An entry from my old Marvel blog, with a response to my piece about comics being the content and not the container from a fan.
Received the following response from reader Jay Boaz on Friday’s column about the future of comics:
Just read your blog post about the Kindle (hadn’t heard of it before
now), and I wanted to comment on the “Comics are the content, not the
container” stance. To a point I agree with you; I don’t think such
devices would kill comics. However, I am definitely a pro-print comic
reader, for multiple reasons.
The simplest reason is I like to hold my comics, rather than sit at a
screen to read them. I do have a few of the DVD collections that
Marvel put out in conjunction with GIT Corp, and while I like having
so much content at such a cheap price, it isn’t the same as reading my
As a dial-up internet user I’m really not interested in downloading
comics (I don’t have dial-up by choice, I live in the country where
high speed isn’t available!), as download times are terrible. Not an
issue for the bulk of comicdom I’m sure, but it is a concern for those
of us in rural areas.
But here is the thing, I think comics are more than just the content,
they are also the experience. If comics were to become solely
distributed digitally, what happens with standing around at the local
comic store talking about comics? It’s not the same as discussing
things on an on-line message board (people are more polite in
person!), and you don’t build those comics relationships without going
down to the shop. Things like trading (which I’m well aware you are
trying to revive somewhat with your trading campaign) wouldn’t happen
with digital comics as well.
I won’t be surprised when comics switch to a digital medium, but I will be sad.>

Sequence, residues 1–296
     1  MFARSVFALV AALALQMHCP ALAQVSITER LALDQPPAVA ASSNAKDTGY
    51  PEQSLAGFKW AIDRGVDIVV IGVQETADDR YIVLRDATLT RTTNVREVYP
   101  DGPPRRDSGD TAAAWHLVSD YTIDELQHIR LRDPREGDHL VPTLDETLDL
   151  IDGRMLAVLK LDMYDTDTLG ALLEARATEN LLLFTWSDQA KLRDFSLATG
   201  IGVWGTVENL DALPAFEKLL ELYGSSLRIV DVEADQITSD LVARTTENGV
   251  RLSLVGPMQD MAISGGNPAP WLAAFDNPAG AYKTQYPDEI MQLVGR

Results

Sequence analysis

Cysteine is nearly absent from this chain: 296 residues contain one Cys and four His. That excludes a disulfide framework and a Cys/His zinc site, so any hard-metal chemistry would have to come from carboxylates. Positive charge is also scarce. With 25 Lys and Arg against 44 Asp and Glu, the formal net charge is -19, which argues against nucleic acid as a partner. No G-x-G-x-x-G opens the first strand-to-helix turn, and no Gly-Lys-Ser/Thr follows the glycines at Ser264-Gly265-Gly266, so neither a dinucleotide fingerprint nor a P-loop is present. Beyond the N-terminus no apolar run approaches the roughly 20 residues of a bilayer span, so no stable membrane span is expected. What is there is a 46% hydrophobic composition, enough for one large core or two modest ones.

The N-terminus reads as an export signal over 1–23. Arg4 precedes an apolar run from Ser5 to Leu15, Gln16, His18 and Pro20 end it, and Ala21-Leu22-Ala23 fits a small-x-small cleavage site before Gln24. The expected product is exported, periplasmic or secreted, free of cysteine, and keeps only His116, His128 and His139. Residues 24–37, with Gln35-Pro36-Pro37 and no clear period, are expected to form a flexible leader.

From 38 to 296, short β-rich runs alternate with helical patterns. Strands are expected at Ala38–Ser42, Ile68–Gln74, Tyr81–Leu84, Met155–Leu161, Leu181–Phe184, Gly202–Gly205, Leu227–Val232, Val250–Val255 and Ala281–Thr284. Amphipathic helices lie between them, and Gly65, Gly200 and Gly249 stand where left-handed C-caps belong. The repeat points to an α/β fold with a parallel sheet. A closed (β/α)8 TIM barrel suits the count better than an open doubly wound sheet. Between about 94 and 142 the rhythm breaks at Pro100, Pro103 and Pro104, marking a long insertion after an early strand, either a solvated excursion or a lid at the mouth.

Jay, as a long-time comic book reader, I’m sympathetic to your point of view. And I’ll agree that, for me, there’s a difference between reading a physical comic book and a digital one on-screen (but then, there’s a difference for me between reading the original printing of a given story and a reprint as well.) But I don’t think that difference is going to be anywhere near as pronounced in the generations who are growing up with this technology right now–in fact, I think getting the stories in that format is going to largely be their preference.
By that same token, I’m reading more and more stuff on a reading device–not just books and magazines, but blogs and web pages and Twitter and everything else. This is a migration that’s already happening. One only needs to hear about the misfortunes plaguing anyody who’s in the newsstand periodicals business (where the average circulation is down 13% from last year) to see the phenomenon in action. More and more people are getting their content this way, a faster, cheaper, easier alternative. The buisinesses that are going to survive and thrive are the one who are most readily able to adjust what they do to account for this new world.
And what we’re talking about here are handheld reading devices, not full-blown computers. The Kindle and the iPhone and so forth are small, portable–you can take ’em to the John–and easy to use. And you do get to hold it. And there’s a real advantage when it comes to real estate–you can easily fit a few hundred books on a Kindle, material that would take up shelves or boxes, all stored digitally, all fitting within a device the size of a small notebook.
You raise some good points about losing the community of comic book readers, but that may simply be an unavoidable collateral damage. Maybe that will make conventions a larger draw, who can say? But that line of thought is similar to looking at all of the things that were lost when dramatic radio gave way to television–there are still people of an older generation who lament the passing of the “theater of the imagination” and their point of view is valid, for them. Still, as much was gained as was lost–and in the case of digital comics, I can’t help but feel that there will be interesting new innovations just around the bend in terms of how people can interact with the form and the people behind the strips that will, on a general level, balance the scales a little bit. Heck, this very Blog is such an innovation that we wouldn’t have had to experience just a few short years ago.
In any event, thanks for the well-thought-through response, Jay!